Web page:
America runs on… poverty

Damn this was good from Ezra:

The American economy runs on poverty, or at least the constant threat of it. Americans like their goods cheap and their services plentiful and the two of them, together, require a sprawling labor force willing to work tough jobs at crummy wages. [emphases mine] On the right, the barest glimmer of worker power is treated as a policy emergency, and the whip of poverty, not the lure of higher wages, is the appropriate response.

Reports that low-wage employers were having trouble filling open jobs sent Republican policymakers into a tizzy and led at least 25 Republican governors — and one Democratic governor — to announce plans to cut off expanded unemployment benefits early. Chipotle said that it would increase prices by about 4 percent to cover the cost of higher wages, prompting the National Republican Congressional Committee to issue a blistering response: “Democrats’ socialist stimulus bill caused a labor shortage, and now burrito lovers everywhere are footing the bill.” The Trumpist outlet The Federalist complained, “Restaurants have had to bribe current and prospective workers with fatter paychecks to lure them off their backsides and back to work.”…

I suspect the real political problem for a guaranteed income isn’t the costs, but the benefits. A policy like this would give workers the power to make real choices. They could say no to a job they didn’t want, or quit one that exploited them. They could, and would, demand better wages, or take time off to attend school or simply to rest. When we spoke, Hamilton tried to sell it to me as a truer form of capitalism. “People can’t reap the returns of their effort without some baseline level of resources,” he said. “If you lack basic necessities with regards to economic well-being, you have no agency. You’re dictated to by others or live in a miserable state.”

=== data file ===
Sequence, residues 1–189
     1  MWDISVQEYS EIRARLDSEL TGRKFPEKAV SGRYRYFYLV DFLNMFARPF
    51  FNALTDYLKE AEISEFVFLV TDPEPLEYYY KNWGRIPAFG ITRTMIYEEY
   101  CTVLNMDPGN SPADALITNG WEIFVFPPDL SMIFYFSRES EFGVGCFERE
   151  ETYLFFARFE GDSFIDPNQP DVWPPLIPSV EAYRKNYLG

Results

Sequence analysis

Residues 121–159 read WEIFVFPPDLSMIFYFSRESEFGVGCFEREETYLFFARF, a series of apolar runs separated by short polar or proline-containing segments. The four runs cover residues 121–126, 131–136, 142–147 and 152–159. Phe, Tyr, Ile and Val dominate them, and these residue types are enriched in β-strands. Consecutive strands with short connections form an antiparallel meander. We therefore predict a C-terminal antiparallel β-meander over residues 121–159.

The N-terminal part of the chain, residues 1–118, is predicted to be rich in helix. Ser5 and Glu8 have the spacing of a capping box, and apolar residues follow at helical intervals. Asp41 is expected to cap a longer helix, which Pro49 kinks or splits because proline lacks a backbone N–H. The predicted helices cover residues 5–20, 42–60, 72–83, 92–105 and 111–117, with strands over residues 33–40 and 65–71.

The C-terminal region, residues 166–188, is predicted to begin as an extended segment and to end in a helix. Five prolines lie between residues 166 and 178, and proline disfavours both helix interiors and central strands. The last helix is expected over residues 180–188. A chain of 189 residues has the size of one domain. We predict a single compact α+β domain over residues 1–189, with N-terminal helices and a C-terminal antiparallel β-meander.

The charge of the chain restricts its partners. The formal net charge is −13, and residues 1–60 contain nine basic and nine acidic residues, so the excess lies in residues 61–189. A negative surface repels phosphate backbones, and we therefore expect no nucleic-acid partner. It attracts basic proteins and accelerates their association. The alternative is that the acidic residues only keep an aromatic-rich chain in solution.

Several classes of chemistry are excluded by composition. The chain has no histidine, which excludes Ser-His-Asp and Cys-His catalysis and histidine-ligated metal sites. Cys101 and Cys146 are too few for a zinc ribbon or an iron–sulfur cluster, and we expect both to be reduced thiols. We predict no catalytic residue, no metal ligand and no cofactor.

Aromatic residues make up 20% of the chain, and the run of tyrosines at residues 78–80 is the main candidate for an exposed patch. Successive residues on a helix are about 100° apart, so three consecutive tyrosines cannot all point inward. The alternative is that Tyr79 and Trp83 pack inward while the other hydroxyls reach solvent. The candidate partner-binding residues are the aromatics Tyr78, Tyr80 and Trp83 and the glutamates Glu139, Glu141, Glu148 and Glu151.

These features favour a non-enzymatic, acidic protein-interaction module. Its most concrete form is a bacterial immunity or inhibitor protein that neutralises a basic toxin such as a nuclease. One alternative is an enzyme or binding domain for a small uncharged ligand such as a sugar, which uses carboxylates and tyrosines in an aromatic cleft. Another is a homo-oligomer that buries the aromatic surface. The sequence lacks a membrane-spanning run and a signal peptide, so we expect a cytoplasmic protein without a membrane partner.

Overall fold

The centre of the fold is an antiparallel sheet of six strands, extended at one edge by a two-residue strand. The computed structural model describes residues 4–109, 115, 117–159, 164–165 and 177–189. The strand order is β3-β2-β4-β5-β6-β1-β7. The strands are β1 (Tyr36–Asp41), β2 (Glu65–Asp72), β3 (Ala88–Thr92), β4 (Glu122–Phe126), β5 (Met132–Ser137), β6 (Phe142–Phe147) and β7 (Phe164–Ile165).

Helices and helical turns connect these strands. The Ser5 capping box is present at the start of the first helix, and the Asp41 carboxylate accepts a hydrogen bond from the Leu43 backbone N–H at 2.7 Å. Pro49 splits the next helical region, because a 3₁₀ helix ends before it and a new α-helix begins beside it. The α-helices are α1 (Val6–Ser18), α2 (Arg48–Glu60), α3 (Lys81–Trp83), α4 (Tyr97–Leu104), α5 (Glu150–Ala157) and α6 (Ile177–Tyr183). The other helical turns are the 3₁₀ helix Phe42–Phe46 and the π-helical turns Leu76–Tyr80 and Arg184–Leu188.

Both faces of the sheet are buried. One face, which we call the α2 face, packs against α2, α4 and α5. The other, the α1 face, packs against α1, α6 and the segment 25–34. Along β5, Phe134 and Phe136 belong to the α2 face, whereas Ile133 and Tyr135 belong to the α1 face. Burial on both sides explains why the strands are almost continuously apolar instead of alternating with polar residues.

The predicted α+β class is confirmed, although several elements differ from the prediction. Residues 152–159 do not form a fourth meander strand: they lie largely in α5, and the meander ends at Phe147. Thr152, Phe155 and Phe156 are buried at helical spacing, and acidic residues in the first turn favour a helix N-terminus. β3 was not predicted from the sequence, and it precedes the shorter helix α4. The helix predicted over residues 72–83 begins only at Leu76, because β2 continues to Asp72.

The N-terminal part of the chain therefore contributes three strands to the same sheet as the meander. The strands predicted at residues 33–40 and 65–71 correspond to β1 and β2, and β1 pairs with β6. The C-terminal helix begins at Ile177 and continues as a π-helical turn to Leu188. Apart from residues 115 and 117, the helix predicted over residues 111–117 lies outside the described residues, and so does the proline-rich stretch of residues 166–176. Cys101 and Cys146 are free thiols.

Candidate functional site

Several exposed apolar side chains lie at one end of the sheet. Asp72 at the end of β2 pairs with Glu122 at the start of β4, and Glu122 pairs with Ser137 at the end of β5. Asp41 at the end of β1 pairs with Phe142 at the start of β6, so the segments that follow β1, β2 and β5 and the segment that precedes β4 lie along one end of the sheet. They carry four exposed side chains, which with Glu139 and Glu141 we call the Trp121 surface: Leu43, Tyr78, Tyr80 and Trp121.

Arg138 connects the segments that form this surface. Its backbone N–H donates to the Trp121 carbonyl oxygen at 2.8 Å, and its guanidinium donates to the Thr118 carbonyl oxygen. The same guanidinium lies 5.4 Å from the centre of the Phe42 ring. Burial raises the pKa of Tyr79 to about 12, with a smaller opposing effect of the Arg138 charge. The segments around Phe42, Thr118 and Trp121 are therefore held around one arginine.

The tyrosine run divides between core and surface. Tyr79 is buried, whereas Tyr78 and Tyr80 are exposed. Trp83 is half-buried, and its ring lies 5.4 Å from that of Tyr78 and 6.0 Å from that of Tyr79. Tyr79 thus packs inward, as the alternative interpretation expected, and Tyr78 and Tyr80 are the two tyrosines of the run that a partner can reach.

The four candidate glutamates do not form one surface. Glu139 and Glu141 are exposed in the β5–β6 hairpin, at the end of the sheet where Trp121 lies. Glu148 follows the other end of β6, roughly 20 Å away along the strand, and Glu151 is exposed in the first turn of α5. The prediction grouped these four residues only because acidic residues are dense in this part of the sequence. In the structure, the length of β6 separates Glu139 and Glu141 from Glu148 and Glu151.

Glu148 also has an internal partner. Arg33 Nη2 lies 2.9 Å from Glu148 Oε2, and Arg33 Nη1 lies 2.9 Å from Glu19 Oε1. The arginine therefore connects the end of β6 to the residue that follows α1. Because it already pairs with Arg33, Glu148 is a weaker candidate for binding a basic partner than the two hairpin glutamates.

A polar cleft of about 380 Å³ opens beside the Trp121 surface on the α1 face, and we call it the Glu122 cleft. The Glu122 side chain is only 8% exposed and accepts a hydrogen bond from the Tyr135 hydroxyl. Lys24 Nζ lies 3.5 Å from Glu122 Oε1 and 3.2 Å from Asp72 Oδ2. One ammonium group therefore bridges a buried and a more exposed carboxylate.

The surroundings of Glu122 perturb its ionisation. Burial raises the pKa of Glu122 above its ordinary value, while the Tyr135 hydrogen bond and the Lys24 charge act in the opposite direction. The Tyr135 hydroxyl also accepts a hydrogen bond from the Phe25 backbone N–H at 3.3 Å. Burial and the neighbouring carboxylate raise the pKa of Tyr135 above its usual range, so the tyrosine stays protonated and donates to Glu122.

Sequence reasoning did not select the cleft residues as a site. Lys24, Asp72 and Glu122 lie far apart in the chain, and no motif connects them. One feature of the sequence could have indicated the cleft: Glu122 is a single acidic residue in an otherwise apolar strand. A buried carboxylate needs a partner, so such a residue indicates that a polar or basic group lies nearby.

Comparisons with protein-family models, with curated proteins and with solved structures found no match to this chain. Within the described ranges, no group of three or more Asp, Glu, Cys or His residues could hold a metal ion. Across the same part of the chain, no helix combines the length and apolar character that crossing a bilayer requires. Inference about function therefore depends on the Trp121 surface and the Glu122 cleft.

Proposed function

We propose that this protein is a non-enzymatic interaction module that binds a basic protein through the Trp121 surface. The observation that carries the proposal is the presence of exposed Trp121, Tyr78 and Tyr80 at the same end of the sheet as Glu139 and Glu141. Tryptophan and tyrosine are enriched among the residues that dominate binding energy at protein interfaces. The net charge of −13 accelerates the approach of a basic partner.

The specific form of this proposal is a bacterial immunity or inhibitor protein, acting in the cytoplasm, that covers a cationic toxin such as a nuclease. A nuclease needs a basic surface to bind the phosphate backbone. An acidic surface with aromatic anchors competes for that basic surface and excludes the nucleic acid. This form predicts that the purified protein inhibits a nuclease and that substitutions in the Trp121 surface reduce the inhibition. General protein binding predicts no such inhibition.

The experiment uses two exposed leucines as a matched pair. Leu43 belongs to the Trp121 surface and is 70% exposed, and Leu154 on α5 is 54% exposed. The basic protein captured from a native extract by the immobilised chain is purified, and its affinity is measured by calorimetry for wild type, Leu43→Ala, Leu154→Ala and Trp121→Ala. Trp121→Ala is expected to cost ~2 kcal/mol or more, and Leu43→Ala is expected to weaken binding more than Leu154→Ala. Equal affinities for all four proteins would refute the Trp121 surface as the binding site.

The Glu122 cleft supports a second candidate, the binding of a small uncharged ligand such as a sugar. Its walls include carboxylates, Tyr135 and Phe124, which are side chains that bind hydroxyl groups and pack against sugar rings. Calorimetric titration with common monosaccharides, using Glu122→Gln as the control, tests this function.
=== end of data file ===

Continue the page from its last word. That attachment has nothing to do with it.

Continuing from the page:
But those in the economy with the power to do the dictating profit from the desperation of low-wage workers. One man’s misery is another man’s quick and affordable at-home lunch delivery. “It is a fact that when we pay workers less and don’t have social insurance programs that, say, cover Uber and Lyft drivers, we are able to consume goods and services at lower prices,” Hilary Hoynes, an economist at the University of California at Berkeley, where she also co-directs the Opportunity Lab, told me…

This is the conversation about poverty that we don’t like to have: We discuss the poor as a pity or a blight, but we rarely admit that America’s high rate of poverty is a policy choice, and there are reasons we choose it over and over again. We typically frame those reasons as questions of fairness (“Why should I have to pay for someone else’s laziness?”) or tough-minded paternalism (“Work is good for people, and if they can live on the dole, they would”). But there’s more to it than that.

Damn, that’s a powerful frame for thinking about this.  Or middle-class (and above) lifestyles of convenience operate off a policy regime that pushes other Americans into crappy jobs for low wages.  Personally, I’d definitely make the trade for some higher prices and less convenience in exchange for fellow Americans with better lives.  

Why no filibuster reform?

Sorry I’ve been bad at this lately.  Unusual amount of work for summer (in a good way– cool research) and vacationing will do that.  Anyway, did at least want to get in this Bernstein take on the filibuster, especially as it makes a point I’ve been arguing for a long time: